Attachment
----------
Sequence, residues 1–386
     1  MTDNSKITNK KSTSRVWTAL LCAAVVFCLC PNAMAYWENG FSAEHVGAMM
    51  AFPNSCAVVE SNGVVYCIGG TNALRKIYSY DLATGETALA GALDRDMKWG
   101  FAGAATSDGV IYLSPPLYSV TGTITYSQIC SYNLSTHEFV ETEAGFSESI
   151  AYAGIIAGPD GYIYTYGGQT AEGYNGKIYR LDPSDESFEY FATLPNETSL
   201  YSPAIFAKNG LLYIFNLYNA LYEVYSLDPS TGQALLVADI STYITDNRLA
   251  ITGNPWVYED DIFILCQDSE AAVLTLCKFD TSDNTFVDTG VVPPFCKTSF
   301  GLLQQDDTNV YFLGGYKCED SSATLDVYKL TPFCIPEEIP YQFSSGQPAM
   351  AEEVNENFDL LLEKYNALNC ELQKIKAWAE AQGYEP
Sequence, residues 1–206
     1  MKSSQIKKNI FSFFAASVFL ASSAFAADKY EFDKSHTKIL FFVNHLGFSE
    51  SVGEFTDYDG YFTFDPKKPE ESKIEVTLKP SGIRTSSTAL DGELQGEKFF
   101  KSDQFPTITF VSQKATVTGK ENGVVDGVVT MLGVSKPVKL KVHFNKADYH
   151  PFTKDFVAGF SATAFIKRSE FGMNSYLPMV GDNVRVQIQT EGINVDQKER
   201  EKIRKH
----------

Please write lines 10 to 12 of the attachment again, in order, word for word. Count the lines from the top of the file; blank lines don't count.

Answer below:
Sequence, residues 1–206
     1  MKSSQIKKNI FSFFAASVFL ASSAFAADKY EFDKSHTKIL FFVNHLGFSE
    51  SVGEFTDYDG YFTFDPKKPE ESKIEVTLKP SGIRTSSTAL DGELQGEKFF